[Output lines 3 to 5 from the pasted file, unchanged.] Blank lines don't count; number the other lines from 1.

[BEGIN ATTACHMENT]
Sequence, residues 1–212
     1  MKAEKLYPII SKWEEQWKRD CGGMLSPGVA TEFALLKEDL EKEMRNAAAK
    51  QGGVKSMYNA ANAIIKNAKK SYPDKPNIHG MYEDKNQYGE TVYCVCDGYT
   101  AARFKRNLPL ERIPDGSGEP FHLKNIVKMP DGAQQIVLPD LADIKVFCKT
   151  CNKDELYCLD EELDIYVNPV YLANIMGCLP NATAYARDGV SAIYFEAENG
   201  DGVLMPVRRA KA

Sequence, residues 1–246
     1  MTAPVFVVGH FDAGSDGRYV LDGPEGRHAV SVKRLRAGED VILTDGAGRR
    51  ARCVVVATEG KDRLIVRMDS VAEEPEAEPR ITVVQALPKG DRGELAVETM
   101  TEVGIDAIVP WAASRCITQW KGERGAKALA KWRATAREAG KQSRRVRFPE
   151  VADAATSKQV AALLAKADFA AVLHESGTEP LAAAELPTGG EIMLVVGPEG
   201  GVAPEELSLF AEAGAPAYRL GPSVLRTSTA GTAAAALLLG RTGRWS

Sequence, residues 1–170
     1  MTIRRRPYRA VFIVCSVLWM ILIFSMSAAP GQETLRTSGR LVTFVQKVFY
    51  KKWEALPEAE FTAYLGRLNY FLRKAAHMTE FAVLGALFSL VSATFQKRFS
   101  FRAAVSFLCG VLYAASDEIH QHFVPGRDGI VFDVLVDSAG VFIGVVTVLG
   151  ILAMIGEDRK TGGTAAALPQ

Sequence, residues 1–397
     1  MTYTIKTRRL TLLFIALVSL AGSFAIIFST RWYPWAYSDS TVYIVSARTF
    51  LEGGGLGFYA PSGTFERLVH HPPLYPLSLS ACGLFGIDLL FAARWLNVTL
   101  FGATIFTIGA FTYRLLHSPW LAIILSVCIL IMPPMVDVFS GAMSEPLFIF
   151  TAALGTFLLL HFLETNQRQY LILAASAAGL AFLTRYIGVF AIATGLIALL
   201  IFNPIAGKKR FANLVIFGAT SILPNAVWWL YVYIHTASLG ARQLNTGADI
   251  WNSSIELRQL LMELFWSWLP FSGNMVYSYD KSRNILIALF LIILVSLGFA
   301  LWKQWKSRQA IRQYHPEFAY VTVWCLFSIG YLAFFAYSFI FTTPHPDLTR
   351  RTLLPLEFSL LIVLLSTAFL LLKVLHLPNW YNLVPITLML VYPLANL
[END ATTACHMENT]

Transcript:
    51  QGGVKSMYNA ANAIIKNAKK SYPDKPNIHG MYEDKNQYGE TVYCVCDGYT
   101  AARFKRNLPL ERIPDGSGEP FHLKNIVKMP DGAQQIVLPD LADIKVFCKT
   151  CNKDELYCLD EELDIYVNPV YLANIMGCLP NATAYARDGV SAIYFEAENG